Achieving max plugin volume without clipping
I'm noticing in general my plugin is really quiet compared to Omnisphere or other big VSTs. I've tried cranking the gain on a Limiter at the end of the chain, but it always ends up clipping. Does anyone have some good tips on how to ship a loud plugin?
I'm not sure if my samples are too quiet, or if I need to be putting the limiter in a different place. There are 8 samplers total with a master FX chain in the global container.
Everyone has the same maximum, 0dB. If you have long samples or loops with a wide dynamic range then perhaps run the samples through a compressor before you export them.
Yep, that much I know, but HISE seems to be summing the outputs a little differently than Kontakt or some other plugins. Or it might just be that the HISE limiter is a bit iffy. It's been difficult for me to achieve any sort of consistent loudness without clipping. I'll play around with the HISE compression a bit more.
DimitrisSP last edited by
@Lunacy-Audio Hi bro!
It is almost impossible to have the final volume as you describe (like Omnisphere for example) (if you will not use some techniques...as compression and/or saturation or both before importing to Hise or any other sampler) and as @d-healey said all the plugins have the same output volume (0db is for everyone)......but.....
same number (lets say 0 db is not same volume...i can send you now the same file where the only difference is that i used a gentle saturation on one of them and you will hear exactly the same sound they will be both 0db but one of them (SLIGHTLY SATURATED) plays clearly louder (about 4db louder)
So for Omnisphere and any other plugin that plays loud for sure these techniques were used before importing the final samples in the sampler... Trust me there is no other way to achieve this...ok you can use the Limiter of your plugin to achieve the volume but it is a post prossesing action and it does not have the same transparent final result as a clever saturation senario
Listen to these 2 files i send you and you will understand what i say...and i have to mention that this initial file was already treated the way i describe so if i used for an example a raw uncompressed and unsaturated file the difference would be even greater.
Lindon last edited by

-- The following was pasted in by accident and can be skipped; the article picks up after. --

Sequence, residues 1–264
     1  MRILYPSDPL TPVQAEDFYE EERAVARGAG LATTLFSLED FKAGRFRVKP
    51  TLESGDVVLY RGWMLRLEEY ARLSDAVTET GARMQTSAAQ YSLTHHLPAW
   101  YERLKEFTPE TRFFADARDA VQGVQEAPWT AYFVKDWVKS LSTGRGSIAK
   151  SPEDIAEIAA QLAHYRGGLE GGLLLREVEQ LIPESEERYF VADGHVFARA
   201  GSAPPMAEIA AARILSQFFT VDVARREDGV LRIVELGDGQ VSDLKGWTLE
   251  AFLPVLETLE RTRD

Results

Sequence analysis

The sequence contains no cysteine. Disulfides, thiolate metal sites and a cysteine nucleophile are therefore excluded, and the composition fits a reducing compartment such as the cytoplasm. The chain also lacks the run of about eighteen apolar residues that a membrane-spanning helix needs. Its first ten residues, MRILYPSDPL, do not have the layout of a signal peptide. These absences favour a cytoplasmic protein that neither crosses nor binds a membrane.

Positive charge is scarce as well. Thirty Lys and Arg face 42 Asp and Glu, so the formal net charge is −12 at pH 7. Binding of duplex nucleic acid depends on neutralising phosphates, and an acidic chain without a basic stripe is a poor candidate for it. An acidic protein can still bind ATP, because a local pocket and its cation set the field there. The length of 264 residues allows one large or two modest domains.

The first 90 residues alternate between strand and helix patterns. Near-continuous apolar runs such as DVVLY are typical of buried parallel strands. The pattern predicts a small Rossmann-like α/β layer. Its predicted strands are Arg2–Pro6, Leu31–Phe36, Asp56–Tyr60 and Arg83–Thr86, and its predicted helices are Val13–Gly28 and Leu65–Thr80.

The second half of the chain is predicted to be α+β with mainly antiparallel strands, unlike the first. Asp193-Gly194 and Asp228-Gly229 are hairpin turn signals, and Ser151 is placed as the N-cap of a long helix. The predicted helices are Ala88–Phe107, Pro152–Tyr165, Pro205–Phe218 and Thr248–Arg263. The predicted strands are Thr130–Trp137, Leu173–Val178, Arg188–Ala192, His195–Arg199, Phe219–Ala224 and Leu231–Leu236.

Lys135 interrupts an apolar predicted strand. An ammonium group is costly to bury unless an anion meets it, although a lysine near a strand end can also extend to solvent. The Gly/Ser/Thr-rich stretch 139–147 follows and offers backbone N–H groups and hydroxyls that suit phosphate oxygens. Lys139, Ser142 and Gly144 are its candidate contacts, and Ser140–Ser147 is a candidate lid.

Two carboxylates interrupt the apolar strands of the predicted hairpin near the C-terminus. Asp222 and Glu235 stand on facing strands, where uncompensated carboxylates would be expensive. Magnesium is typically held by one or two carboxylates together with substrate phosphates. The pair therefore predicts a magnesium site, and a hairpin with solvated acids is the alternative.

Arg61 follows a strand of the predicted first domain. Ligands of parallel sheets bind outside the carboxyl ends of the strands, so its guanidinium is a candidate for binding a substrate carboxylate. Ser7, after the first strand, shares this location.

@Lunacy-Audio - have you tried checking the lufs not the dB?
- its a perception thing:
The one that's saturated generally has slightly higher peaks than the none saturated one and the sections in-between the peaks are louder. This is why I asked if you are using longer samples with a wide dynamic range. With a sample like this the way to make it "louder" is to reduce the dynamic range so the louder parts are quieter and then boost the overall volume.
DimitrisSP last edited by
@d-healey Exactly...it is exactly as you said...this is the only way to have a louder result using saturation(of course very carefuly...we dont want much saturation)...the higher peaks of the sound will be altered on a tranparent way (not as compression acts) so we will have finaly in the middle area (and this is the real acoustic area that is perceived by human ears) clearly more volume.
For example you listen to the same track that is mixed by 2 different but lets say good producers
The one of them used no compression and no saturation and made a good mix
The other made the same good mix but used a combination of saturation and compression but not only globally on the Master channel (imagine that every different track needs different approatch)
Finally we have 2 finished tracks both play at 0db but the second is about 6 dbs louder (i am talking now as a producer that i have seen that hundrends of times)...
Final conlusion...if you will not saturate or compress or the better of the 2 worlds both you will never be loud enough as the other senario...
If you dont care about the volume it's perfectly ok
If you care it is one way.
Lunacy Audio last edited by Lunacy Audio
Thanks for the replies guys. Good stuff.
Yes, we've already checked all of our samples in LUFS and they're all mastered to -24-26 LUFS, which I believe is the industry standard for sample libraries. The samples are also already heavily compressed and EQ'd, so this is really a HISE thing I'm talking about. There's not much dynamic range in my samples because we've already squashed most of them. It might just be that my HISE compression settings aren't perfect for each sample type or we might just need some super squashing for our samples . I'll try some more things. Appreciate the responses!
@Lunacy-Audio Compress and boost the samples outside of HISE before you export them.
The one on top has been compressed and boosted, the one underneath is the original:
@d-healey Yup, we've done a huge batch of pre-processing (including compression, EQ, tape saturation, limiting etc) on our samples This was mostly just a question to see if there was some extra secret sauce in HISE to squeeze more out of the plugin volume. Thanks for your replies!